In your newest book, Midnight, the main character is also a character from TCWE. Why’d you choose to write about Midnight as opposed to other characters in your TCWE?

Initially I was writing about Portia Santiaga, the sister of Winter Santiaga, and I did write half of that novel then I put it down. The climate in the country and the globe was very serious, very political and I thought it was interesting that a lot of the African-Americans I knew in urban areas were into fashion, music and trends, but not that aware of politics and the international landscape. I thought about how I had written TCWE and how it had been this huge success and how many women told me they fell in love with the character Midnight. Midnight was introduced as very mysterious, young, silent, strong soldier in an illegal empire. He introduced himself being born in the Sudan, an African country, being interested in martial arts and was fascinated with Asian culture. I thought his back-story in TCWE was phenomenal enough to introduce a lot of urban literature readers and people in America to the political landscape. The thoughts of a foreigner, a completely different lifestyle and cultural experience. I thought it had great value so I decided to begin writing about Midnight and decided that was the novel to release first.

In reading Midnight, it’s like you’re painting a picture for the reader. Why do you take the time to create such detail?

I don’t have a conscious thought like that. As a writer I just want to be a great writer. I think great writers write in detail; just enough words. Not too many words and those words should be simple, descriptive, full of feeling and imagery and that’s what I did with Midnight. I was hopeful that I could make my readers see the story the same way they would watch a movie. I had to make a movie in the mind of the reader.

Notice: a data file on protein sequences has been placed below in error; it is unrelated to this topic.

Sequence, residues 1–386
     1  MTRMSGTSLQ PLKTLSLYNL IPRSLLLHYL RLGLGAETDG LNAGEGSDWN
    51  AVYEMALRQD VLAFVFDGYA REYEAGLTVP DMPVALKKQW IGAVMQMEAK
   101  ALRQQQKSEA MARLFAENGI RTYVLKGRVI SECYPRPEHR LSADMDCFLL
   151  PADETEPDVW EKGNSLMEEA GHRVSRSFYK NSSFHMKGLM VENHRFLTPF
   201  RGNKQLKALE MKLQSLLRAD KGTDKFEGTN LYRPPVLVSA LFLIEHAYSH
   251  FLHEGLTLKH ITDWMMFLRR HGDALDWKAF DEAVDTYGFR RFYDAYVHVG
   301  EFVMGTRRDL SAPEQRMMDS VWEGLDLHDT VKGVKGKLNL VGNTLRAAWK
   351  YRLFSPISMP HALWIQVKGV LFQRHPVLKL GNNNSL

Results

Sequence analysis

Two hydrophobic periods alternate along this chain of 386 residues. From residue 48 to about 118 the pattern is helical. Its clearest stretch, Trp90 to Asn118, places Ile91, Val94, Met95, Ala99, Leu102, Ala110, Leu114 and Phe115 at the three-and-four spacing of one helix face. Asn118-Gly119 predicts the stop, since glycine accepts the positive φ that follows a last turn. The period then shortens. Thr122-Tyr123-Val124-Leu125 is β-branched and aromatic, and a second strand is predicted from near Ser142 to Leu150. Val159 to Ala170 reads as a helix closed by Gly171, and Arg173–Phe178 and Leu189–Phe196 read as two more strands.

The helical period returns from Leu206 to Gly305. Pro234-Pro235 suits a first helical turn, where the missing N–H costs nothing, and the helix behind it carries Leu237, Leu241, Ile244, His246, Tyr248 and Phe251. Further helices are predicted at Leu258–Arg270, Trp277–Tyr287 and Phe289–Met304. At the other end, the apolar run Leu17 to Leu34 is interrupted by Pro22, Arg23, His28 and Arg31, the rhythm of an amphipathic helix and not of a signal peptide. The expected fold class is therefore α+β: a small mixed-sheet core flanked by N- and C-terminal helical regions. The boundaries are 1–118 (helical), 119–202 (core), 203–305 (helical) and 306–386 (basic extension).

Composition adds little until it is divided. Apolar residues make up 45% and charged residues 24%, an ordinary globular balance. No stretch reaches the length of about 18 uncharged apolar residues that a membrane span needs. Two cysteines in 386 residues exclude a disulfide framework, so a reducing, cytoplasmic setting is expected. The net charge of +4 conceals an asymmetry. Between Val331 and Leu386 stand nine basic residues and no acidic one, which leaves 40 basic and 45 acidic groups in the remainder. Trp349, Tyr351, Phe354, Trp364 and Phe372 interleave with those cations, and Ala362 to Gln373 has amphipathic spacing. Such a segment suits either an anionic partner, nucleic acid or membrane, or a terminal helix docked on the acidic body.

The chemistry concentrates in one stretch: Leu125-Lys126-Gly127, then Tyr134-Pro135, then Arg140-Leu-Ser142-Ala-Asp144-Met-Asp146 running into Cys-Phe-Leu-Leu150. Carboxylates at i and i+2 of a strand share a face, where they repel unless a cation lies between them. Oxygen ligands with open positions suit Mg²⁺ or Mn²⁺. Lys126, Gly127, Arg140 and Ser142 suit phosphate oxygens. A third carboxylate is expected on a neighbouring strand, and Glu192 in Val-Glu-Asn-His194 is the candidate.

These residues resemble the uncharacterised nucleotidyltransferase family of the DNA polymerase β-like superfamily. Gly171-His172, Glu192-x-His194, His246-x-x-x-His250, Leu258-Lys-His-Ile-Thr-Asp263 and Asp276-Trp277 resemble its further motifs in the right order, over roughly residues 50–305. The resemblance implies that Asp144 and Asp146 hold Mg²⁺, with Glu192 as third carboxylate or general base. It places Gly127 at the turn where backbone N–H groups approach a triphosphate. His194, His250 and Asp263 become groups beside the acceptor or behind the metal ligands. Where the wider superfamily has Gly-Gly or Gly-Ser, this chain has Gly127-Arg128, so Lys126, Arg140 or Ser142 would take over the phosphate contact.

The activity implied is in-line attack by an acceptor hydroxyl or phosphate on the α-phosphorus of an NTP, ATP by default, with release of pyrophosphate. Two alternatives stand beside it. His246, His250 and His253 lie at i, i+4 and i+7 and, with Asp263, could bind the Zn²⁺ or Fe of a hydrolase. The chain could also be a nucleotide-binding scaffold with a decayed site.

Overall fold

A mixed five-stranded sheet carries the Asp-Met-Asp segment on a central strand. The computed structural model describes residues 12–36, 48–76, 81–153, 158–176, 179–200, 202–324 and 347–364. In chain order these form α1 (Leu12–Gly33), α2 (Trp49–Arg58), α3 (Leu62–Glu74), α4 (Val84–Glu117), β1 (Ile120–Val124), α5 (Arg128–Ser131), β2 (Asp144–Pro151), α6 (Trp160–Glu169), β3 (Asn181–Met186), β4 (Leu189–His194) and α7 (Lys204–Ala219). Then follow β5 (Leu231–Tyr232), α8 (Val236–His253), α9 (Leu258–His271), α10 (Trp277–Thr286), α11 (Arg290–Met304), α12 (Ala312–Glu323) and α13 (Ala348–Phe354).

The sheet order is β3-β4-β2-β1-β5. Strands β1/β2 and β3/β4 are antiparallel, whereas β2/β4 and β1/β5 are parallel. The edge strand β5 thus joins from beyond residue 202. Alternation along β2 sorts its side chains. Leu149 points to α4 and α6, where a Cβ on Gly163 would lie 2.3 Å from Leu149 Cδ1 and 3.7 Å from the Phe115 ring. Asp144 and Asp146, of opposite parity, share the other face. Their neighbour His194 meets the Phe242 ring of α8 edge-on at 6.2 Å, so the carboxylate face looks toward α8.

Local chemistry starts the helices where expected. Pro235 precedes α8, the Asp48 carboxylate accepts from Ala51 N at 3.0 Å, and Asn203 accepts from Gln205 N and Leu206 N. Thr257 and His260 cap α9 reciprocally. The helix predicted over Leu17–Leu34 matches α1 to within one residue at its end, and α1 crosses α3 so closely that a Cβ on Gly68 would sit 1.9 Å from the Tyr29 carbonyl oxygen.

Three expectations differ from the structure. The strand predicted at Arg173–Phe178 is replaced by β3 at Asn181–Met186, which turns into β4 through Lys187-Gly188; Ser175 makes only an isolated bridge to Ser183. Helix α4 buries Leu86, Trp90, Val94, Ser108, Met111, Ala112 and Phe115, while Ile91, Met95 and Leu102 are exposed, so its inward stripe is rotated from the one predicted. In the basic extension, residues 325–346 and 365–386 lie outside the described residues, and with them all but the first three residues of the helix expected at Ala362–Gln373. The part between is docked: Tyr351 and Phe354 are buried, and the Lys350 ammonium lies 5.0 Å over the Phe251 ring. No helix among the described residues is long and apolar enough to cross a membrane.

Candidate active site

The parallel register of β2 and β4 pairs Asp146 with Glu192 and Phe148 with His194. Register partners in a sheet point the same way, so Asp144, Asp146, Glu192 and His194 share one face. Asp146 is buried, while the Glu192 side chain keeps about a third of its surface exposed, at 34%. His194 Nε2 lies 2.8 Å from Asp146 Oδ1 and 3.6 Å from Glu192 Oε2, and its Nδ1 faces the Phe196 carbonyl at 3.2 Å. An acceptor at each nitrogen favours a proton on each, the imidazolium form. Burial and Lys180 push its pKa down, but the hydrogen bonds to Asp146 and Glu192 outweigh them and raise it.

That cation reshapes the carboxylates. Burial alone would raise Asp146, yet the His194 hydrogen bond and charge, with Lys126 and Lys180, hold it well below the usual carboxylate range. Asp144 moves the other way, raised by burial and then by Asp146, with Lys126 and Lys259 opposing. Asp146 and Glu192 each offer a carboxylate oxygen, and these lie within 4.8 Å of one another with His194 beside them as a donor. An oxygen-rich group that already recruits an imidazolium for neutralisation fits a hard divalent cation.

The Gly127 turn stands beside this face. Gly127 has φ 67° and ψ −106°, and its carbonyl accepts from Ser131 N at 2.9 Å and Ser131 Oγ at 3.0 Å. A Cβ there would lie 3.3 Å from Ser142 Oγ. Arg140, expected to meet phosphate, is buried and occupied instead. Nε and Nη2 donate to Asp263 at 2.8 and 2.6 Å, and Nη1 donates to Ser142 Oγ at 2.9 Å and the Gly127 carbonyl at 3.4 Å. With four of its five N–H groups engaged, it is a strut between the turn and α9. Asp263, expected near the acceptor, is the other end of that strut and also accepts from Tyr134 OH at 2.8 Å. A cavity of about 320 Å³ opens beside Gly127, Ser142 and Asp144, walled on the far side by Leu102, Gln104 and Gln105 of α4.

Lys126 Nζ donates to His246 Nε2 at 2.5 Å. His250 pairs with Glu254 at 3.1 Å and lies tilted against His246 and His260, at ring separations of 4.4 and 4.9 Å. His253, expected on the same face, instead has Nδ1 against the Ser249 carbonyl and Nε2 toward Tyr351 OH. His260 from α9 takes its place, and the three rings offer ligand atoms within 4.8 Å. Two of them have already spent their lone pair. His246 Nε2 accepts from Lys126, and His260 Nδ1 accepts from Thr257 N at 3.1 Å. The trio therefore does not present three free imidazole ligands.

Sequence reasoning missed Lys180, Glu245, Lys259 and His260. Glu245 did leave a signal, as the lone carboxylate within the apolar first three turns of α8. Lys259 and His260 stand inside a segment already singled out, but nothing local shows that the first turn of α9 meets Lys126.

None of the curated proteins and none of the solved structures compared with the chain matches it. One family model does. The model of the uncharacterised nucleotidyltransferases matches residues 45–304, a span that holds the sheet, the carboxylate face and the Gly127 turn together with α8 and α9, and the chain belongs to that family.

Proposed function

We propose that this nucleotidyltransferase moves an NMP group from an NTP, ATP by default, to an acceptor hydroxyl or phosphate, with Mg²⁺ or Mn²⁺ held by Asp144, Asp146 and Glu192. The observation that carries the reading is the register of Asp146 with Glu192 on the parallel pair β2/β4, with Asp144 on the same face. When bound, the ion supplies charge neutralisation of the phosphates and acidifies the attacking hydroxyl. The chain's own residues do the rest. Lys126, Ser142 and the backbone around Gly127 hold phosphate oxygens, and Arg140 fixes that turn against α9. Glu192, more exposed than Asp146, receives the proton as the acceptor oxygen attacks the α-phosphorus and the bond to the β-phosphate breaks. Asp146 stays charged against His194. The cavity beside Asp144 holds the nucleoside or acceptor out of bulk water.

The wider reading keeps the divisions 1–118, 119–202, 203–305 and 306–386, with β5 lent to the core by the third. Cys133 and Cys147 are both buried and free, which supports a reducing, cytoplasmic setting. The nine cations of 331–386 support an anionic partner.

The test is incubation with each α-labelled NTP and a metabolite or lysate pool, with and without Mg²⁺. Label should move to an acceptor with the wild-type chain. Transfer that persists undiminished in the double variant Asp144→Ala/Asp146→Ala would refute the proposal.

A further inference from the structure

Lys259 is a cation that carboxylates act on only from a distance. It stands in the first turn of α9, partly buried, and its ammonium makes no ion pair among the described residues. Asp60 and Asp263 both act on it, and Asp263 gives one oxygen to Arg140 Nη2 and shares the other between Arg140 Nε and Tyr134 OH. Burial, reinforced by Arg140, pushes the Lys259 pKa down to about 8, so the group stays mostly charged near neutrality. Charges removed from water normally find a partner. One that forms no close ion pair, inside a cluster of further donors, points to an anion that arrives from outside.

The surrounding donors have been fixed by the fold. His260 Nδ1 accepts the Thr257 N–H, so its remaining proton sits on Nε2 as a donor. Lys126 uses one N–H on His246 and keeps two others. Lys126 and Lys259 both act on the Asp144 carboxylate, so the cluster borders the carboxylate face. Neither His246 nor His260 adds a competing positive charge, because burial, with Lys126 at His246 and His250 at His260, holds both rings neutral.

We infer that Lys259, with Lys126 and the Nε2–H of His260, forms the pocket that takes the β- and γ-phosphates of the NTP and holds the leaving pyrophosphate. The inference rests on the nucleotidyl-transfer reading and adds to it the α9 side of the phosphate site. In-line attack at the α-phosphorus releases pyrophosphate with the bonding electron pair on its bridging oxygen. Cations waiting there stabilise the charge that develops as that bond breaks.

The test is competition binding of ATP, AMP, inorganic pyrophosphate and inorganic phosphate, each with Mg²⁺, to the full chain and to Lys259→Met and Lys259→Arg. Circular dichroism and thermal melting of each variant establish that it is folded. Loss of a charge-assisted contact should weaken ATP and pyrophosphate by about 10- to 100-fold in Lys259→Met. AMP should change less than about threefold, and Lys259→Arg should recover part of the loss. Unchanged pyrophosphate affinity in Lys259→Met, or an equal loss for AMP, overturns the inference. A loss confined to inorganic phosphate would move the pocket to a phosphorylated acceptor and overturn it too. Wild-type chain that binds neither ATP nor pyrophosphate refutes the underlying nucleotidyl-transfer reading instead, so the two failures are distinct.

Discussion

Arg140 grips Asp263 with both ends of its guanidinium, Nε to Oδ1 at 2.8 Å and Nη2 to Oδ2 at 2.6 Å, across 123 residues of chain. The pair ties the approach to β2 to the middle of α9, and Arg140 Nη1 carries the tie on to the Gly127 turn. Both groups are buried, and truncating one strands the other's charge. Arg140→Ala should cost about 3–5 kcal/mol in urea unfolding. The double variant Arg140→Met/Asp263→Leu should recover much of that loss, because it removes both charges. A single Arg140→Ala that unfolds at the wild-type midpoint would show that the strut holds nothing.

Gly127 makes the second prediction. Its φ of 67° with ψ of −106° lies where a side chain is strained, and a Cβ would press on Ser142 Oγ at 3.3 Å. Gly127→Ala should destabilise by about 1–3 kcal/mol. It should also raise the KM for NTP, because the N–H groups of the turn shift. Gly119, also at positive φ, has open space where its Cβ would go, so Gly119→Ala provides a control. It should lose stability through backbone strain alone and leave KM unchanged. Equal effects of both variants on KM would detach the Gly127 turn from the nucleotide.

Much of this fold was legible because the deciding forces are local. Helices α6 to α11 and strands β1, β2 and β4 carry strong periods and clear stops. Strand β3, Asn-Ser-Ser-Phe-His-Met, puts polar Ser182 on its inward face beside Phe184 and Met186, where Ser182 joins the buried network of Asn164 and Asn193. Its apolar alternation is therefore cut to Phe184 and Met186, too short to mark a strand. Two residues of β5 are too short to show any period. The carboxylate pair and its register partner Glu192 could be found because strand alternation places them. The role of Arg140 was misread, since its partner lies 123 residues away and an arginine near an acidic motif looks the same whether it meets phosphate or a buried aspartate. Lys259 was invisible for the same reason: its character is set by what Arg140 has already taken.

As a woman, how were you able to find that male voice to make the character mysterious and masculine?

Most people know that I’m an activist. In that capacity I have a lot of experience in the community. When I was a teenager, I was always out talking with other teenagers and when I was a college student, working beside males and females. When I moved back to Harlem, N.Y., I was always in the street, on the street talking to people from different backgrounds and perspectives. A great writer is capable of being a great listener and observer of life and how people move, talk, express and feel. A great writer should be able to have the power of imagination and the power of recall to capture what are the differences between what a teenager does and what an adult does, what a girl does and what a boy does and what a man does and what a woman does; capture that voice and put it into words.

Your message from TCWE was a cautionary tale, what’s the message you’re sending in Midnight?

Any book I write always has multi-layered dimensions and competing themes so there are several themes in the Midnight story. One of the major themes is love and if you recall in TCWE it opened with a poem saying there’s no such thing as love. I took it back because Midnight is a prequel. I took it back to when there was a love, an intense feeling between a son and a mother, family members, a love between a boy and his friends that wasn’t a perverted love, real love, real friendship, real loyalty. A love for a boy who loved his mother so he was capable of also loving women. I really wanted to generate a powerful feeling of love and show the readers what that feels like, looks like and what that does. Secondly it’s manhood. It’s a book that I wrote with men in mind.

For more information, visit www. www.sistersouljah.com.